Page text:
of Spanish Fort by water would have been effected by the navy, but the shoal water and obstructions on Blakely Bar prevented this. Every exertion was therefore made to secure the control of Blakely River by the army and complete the isolation of the fort. For this purpose batteries for heavy guns were prepared on the east side of Bay Minette north of the bayou, and preparations made for a boat expedition to cut the treadway between Spanish Fort and Fort Tracy, the final bombardment and assault to be preceded by the destruction of the treadway to cut off the escape of the garrison. The assistance required from the navy was promptly tendered by the admiral, but the launches were at Ship Island and Pensacola, and, although sent for, could not be got up in season. Disappointed in this expectation and at the suggestion of A. J. Smith, and on account of the progress made on his right, the time for the bombardment was anticipated and ordered for 5.30 p. m. of the 8th. At this time there were in position against Spanish Fort fifty-three siege guns (including ten 20-pounder rifles and sixteen mortars) and thirty-seven field pieces. Of these, ten siege rifles and five siege howitzers on our left center enfiladed the enemy's left and center, and five siege howitzers close in on our extreme right enfiladed his center. The Bay Minette battery against Huger and Tracy consisted of two 100-pounder and four 30-pounder rifles. One of the batteries, Numbers --, against Spanish Fort was armed with navy guns and manned by officers and sailors of the squadron, volunteers for this service. The fire of these guns was opened at the appointed time and continued until dark, the troops being in the trenches and prepared to improve any advantage that might be gained. Under cover of the bombardment two companies of the Eighth Iowa, supported by the remainder of the regiment and closely followed by the other regiments of Geddes' brigade, of Carr's division, effected a lodgment on the left of the enemy's line and gained a position from which about 200 yards of his entrenchments could be enfiladed with a musketry fire. This was soon taken, and with it about 200 prisoners, and the captured guns turned upon the enemy.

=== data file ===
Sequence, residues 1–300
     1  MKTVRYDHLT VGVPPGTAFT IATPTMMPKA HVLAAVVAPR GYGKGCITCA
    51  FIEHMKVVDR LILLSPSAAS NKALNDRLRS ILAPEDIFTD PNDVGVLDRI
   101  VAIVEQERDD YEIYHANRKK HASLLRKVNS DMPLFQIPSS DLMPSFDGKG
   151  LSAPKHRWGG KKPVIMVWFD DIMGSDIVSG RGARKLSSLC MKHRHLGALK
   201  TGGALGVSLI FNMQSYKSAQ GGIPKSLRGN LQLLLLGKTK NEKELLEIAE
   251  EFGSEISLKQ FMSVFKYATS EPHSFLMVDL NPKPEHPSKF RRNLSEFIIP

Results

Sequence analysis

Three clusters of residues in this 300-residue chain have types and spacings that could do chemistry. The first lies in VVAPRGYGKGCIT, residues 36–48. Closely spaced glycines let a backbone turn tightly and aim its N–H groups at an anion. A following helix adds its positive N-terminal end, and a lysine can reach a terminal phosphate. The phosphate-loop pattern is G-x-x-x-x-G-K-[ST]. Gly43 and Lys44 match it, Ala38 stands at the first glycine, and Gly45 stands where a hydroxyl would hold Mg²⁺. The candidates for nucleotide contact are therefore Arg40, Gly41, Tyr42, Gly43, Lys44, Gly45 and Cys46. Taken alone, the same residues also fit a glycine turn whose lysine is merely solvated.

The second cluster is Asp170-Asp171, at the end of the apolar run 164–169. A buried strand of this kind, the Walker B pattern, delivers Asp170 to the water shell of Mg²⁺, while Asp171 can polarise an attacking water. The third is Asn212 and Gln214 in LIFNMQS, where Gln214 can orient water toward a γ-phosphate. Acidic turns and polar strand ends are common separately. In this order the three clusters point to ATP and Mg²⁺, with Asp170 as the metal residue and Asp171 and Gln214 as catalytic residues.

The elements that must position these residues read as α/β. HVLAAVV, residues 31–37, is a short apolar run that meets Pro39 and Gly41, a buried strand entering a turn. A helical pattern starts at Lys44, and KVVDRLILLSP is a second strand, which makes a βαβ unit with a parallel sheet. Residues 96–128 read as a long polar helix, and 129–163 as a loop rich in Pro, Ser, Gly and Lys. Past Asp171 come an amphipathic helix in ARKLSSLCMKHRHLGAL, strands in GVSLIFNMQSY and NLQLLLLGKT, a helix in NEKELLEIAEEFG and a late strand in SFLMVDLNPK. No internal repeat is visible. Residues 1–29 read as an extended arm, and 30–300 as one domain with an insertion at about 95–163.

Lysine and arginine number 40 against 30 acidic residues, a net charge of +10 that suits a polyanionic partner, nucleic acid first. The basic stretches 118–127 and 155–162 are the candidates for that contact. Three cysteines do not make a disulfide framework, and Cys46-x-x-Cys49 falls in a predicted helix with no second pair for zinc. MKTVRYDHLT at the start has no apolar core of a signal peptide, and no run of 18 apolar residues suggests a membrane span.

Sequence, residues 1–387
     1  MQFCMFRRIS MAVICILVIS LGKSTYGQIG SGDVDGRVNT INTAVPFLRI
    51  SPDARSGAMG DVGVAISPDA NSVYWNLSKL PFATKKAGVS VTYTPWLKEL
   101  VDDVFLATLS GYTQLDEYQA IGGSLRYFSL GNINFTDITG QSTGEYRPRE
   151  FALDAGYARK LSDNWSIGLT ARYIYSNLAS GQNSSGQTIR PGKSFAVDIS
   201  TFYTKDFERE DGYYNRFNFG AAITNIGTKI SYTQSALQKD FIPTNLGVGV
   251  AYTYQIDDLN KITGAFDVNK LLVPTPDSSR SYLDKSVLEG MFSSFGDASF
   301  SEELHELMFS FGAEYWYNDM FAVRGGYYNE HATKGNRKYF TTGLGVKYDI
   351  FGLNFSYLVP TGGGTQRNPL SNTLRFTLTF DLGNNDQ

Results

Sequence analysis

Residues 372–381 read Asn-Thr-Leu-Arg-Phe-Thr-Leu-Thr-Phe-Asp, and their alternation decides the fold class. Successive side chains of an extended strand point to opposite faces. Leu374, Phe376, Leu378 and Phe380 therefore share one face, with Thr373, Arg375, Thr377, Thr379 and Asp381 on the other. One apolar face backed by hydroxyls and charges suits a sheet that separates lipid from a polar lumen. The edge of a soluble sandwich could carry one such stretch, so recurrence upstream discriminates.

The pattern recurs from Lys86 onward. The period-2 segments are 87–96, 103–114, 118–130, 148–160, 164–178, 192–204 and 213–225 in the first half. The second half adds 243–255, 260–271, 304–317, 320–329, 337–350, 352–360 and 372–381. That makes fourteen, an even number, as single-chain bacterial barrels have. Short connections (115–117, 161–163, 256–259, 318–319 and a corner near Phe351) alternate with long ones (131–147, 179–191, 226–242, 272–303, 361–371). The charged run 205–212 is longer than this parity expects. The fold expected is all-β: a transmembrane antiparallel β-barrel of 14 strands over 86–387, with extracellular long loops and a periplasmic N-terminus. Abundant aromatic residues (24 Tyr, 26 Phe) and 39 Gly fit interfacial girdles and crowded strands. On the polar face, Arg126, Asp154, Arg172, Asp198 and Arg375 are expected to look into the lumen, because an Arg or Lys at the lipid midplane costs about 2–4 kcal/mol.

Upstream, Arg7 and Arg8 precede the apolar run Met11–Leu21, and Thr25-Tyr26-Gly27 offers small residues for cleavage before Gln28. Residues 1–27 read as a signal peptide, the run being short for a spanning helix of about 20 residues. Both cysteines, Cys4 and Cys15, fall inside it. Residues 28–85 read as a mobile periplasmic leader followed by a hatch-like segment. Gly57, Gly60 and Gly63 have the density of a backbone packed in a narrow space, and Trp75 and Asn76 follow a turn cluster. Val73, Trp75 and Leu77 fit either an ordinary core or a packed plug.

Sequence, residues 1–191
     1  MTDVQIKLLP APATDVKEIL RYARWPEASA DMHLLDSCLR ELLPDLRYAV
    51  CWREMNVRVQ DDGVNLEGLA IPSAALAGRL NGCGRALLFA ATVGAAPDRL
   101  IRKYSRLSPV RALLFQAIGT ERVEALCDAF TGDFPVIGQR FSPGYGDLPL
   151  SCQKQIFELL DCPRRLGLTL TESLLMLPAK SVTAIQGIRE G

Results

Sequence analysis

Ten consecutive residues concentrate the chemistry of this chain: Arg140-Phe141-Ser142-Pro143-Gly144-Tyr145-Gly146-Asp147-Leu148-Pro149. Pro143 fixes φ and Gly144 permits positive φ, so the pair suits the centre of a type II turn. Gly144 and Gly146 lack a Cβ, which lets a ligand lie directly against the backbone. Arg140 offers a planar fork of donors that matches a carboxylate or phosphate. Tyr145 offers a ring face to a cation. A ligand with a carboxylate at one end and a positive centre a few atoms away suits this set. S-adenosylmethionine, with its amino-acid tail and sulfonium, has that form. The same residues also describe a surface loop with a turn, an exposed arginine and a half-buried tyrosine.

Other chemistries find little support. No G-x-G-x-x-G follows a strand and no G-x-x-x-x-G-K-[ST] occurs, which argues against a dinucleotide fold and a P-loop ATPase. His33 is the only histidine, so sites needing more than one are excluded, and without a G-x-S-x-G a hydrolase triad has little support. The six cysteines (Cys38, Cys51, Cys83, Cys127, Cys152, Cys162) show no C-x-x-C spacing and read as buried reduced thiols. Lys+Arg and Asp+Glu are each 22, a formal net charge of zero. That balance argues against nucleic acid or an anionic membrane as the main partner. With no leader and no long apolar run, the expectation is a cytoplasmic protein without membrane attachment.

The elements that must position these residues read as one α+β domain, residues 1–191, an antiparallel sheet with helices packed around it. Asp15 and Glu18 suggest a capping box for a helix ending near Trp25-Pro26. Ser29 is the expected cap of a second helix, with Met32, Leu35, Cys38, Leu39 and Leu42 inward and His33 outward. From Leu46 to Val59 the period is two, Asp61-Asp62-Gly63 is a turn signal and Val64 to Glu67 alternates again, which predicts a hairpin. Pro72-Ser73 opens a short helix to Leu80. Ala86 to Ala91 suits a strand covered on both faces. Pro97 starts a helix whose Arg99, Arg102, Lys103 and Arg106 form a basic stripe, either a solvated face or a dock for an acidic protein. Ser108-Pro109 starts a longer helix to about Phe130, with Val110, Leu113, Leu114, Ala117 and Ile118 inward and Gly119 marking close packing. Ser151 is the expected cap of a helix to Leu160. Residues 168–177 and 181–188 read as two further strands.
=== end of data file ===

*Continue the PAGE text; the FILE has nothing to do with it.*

Night had now fully set in, but Smith was instructed to put his whole force to the work and press it on to completion. A brigade from Veatch's division, then in reserve near Blakely, was ordered by telegraph to report to him, and Granger was advised by telegraph of Smith's progress and instructed to direct the fire and operations on his part so as not to come in conflict with the force at work within the enemy's lines. This work, led by Colonel Geddes and superintended by Generals Carr and Smith, was pushed on diligently and persistently, and soon after midnight all of the works were in our possession. The brigade from Veatch's division was not needed and was sent back by Smith. The immediate fruits of this success were the capture of these strong forts, two miles of entrenchments with all the armament, material, and supplies, 4 flags, and more than 600 prisoners. The major part of the garrison escaped by the treadway to Fort Tracy, and thence to Blakely and Mobile. In this they were materially aided by the darkness and our imperfect knowledge of the interior of their works. In these last operations the force engaged consisted of one brigade (Bertram's) and one division (Benton's) of the Thirteenth Corps, two divisions (McArthur's and Carr's) of the Sixteenth Corps, with their field batteries; the First Indiana Heavy Artillery, except one company; two companies of the Sixth Michigan Heavy Artillery, and one battery from the navy.